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Marketers in the US and the UK are both embracing data-driven marketing, but adoption of specific data use cases varies between the two countries, according to new data from customer analytics platform provider BlueVenn.
For US marketers, real-time personalization is a top priority. Nearly 40% of US marketers surveyed in February 2017 said they expect to implement real-time personalization over the next five years, according to BlueVenn. Using data to power app-based marketing, location-based marketing, virtual assistants and prediction-making will also become increasingly important—only 7 percentage points separate the top five trends.
UK marketers have some similar expectations. They also said they expect app-based marketing, using big data to predict trends and location-based marketing to gain traction. But they did not name real-time personalization as a top trend.
This is likely because US and UK consumers have slightly different expectations when it comes to personalization. For example, according to the same research from BlueVenn, almost 60% of US internet users are interested in seeing customized discounts from brands, compared with roughly 40% of those in the UK.
“In the UK, consumers are more likely to push back against perceived personal intrusions,” said eMarketer senior analyst Bill Fisher. “Data privacy is already a big concern for UK consumers, and is likely to get even bigger with the approach of the GDPR [General Data Protection Regulation].”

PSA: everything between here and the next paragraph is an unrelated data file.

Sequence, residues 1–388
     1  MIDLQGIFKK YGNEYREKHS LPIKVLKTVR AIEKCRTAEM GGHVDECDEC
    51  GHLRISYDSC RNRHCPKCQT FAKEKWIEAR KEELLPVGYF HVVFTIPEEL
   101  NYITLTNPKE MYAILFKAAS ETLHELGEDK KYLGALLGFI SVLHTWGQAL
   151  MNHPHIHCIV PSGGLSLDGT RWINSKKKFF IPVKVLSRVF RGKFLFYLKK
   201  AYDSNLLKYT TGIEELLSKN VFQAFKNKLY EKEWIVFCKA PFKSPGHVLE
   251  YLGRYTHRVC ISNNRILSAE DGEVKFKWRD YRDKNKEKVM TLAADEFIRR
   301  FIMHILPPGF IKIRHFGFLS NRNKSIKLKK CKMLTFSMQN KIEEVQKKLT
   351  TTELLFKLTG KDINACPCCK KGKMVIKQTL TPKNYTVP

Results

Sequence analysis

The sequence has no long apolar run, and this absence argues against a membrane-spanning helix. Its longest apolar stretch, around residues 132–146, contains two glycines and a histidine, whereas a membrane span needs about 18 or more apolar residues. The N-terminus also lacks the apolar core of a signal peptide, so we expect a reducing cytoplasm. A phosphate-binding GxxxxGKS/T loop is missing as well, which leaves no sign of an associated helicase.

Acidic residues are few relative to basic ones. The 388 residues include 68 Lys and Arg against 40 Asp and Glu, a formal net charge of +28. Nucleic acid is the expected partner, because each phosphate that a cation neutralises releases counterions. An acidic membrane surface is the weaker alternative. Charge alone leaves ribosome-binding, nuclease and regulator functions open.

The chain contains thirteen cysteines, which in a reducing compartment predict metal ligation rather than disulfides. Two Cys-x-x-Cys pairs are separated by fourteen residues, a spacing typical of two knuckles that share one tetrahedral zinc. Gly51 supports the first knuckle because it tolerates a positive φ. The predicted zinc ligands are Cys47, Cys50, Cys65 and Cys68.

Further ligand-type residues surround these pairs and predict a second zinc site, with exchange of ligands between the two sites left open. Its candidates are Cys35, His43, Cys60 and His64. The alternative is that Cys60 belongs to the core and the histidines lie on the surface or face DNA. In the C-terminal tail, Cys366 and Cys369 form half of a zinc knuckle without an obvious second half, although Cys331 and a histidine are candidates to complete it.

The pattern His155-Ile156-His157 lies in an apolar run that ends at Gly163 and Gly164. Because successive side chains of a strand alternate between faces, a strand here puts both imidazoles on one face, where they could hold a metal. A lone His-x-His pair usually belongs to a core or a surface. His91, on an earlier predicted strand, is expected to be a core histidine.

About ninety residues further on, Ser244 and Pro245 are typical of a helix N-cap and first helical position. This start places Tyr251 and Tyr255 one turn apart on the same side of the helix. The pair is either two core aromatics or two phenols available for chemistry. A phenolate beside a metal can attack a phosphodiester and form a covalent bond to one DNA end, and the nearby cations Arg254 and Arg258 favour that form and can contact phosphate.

As a result, UK marketers are trying to be more cautious to avoid what Fisher refers to as “creeping out potential customers with overtly personal types of outreach.”
But that’s not to say marketers in the US don’t have similar concerns. According to an October 2016 survey from the Global Alliance of Data-Driven Marketing Associations (GDMA) and Winterberry Group, heightened regulation of personal and audience data is the top data-driven marketing challenge among US ad and marketing professionals.
Meanwhile, unlike US marketers, UK marketers in the BlueVenn survey were looking to do more to improve brick-and-mortar shopping. More than 30% said they will use data to improve in-store experiences over the next five years. Three in 10 also said they will use artificial intelligence, which was not among the top five trends for US marketers.
As programmatic advertising matures, buyers and sellers no longer see it merely as a means of automating processes, but rather as an advanced method of controlling ad campaigns—and better targeting the audiences that come with them.
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